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Leeds/Bradford Supply

Discussion in 'Supply teaching' started by Monikara2, Oct 1, 2015.

  1. Monikara2

    Monikara2 New commenter

    Hey all,

    I'm an NQT, I did have a job but I have had to unfortunately leave it due to a horrendous experience with the HT. I'm looking into doing supply in the Leeds/Bradford area now untill I find another job.

    Does anyone have any recommendations on supply agencies I should be getting in contact with and how much I should expect to get paid a day?

  2. Jenexell

    Jenexell New commenter

    As an NQT your pay rate will be the lowest on the scale. could be as low as £60-90 a day.

    As for the agencies, I found my way to mine by answering adds on Indeed and Reed. Supply staff and even regular staff leave at a moments notice all the time, leaving schools stuck needing an immediate replacement outside the standard hiring periods. These positions don't tend to be advertised on the TES, instead the schools contact agencies who will put out adds on recruitment websites if they don't have someone who fits the bill. Answering these adds won't neccessarily get you the job, but it will get you on their books. Depending on what you can travel, pick a milage or time radious you're happy with and search for jobs in that area, then do a bit of research. Google up reviews of the agencies you've seen. if you're happy with what you see, make sure your CV is as epic as you can make it and apply.

    After this you'll usually be asked to come into the office to register. be prepared for some serious travelling during this period if you've applied to more than one place. Make yourself up a file with your DBS certificate (if you don't have one this will slow things down considerably) two forms of photo id, recent utility bills or bank statements, all your qualification certificates (yes one agency did ask me for my GCSE certificates), your CV, a bundle of passport photos, something with your national insurance number on (pay slip, p60, p45, national insurance card) and anything else you might need to show who you are, like a marriage certificate. Take that with you to every meeting. if they email you with an application form, DO fill it in, email it back and print yourself a copy for your file before you go, it will save time and hand cramp later.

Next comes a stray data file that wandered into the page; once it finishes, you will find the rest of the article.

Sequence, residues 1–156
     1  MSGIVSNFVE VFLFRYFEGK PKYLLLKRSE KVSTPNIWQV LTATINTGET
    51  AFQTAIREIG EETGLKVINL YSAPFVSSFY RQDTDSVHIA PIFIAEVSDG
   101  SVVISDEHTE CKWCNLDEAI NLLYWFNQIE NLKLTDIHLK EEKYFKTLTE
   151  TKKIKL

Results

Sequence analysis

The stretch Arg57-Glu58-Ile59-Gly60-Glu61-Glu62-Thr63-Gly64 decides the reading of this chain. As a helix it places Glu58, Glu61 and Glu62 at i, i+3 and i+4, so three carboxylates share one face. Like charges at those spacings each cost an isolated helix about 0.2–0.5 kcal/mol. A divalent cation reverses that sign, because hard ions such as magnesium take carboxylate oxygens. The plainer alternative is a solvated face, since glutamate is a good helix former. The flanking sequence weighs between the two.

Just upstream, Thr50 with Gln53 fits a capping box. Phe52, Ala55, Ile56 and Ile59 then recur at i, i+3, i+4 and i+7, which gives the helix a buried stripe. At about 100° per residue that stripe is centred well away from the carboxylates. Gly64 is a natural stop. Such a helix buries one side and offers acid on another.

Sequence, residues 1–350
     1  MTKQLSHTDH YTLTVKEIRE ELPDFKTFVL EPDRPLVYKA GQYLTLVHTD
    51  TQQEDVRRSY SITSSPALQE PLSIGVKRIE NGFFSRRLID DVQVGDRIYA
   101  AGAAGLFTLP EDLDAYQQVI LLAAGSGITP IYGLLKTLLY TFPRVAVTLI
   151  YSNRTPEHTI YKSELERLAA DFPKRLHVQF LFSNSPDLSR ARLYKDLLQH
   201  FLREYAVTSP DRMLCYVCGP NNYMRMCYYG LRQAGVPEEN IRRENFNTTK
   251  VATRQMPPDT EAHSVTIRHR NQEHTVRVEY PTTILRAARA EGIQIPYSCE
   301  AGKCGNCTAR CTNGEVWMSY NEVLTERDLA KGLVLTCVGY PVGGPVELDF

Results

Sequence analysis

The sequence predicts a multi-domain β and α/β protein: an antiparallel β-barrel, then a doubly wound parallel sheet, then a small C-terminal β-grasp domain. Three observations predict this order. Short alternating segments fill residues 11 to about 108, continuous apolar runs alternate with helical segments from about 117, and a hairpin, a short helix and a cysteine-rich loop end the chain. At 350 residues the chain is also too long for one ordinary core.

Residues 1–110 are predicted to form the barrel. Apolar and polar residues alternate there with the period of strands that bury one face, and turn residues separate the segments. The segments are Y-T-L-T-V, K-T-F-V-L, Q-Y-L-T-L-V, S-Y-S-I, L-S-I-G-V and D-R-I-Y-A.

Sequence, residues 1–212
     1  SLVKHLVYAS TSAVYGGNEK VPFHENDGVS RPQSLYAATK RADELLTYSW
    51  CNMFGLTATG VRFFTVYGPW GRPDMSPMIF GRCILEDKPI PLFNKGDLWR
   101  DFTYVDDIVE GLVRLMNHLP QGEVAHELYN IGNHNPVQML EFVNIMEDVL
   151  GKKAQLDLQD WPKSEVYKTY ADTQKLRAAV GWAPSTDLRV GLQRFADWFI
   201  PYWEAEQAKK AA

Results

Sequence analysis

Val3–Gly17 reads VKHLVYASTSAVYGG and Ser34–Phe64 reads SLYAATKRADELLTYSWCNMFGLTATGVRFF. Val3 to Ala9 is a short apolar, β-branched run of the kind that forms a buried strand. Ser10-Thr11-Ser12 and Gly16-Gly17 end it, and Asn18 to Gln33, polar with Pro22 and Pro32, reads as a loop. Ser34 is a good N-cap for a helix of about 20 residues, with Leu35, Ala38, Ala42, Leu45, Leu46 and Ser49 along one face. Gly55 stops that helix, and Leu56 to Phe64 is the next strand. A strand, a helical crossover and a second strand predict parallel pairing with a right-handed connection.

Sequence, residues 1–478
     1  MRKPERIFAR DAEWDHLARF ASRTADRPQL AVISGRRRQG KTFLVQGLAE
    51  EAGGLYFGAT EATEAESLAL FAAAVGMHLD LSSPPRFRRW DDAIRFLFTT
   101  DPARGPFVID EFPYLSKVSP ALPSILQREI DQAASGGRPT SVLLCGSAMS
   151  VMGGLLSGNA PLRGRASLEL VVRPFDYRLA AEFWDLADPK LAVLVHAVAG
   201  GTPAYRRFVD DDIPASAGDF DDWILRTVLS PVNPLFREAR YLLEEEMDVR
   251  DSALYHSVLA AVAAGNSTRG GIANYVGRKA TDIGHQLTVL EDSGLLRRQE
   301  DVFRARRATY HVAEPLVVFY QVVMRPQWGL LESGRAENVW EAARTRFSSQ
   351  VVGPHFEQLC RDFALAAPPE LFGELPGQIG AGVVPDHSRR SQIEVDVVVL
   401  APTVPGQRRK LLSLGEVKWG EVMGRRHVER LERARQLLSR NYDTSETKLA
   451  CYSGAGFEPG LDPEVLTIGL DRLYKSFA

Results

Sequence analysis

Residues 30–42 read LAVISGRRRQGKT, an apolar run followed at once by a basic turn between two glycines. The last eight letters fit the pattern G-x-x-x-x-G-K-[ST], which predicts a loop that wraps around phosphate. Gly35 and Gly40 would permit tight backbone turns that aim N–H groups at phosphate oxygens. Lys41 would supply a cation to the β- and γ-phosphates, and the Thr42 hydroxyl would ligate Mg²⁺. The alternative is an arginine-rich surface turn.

Also think about the answers to some of these questions.

    • What subjects would you be willing to teach? Are you willing to teach outside your area?
    • If you're primary, would you teach in a secondary school (some schools have a transition phase)
    • If you're secondary, would you teach primary?
    • are you happy to teach special needs? or in a PRU or AP?
    • What SEN, EAL, or BESD experience do you have? Are you willing to explore these areas more?
    • Are you willing to be up and dressed, ready to leave the house at 7:30am regardless of whether you know you have work that day or not?
    • what kind of school would you like to work in? are there any schools, or types of schools you'd actively like to avoid?
    • what kind of roles are you looking for? Just day to day? Long term? Short term? Permanent? Any thing and everything because gods damn it that mortgage won't pay itself?
    The more you're willing to do, the more flexible you are, the more likely you are to get work. But be reasonable. If you've no experience with BESD for example or your behaviour management is your weakest area, saying you'd love to work in a PRU may be biting off more than you can chew. Be confident, but think seriously about what you can realistically do.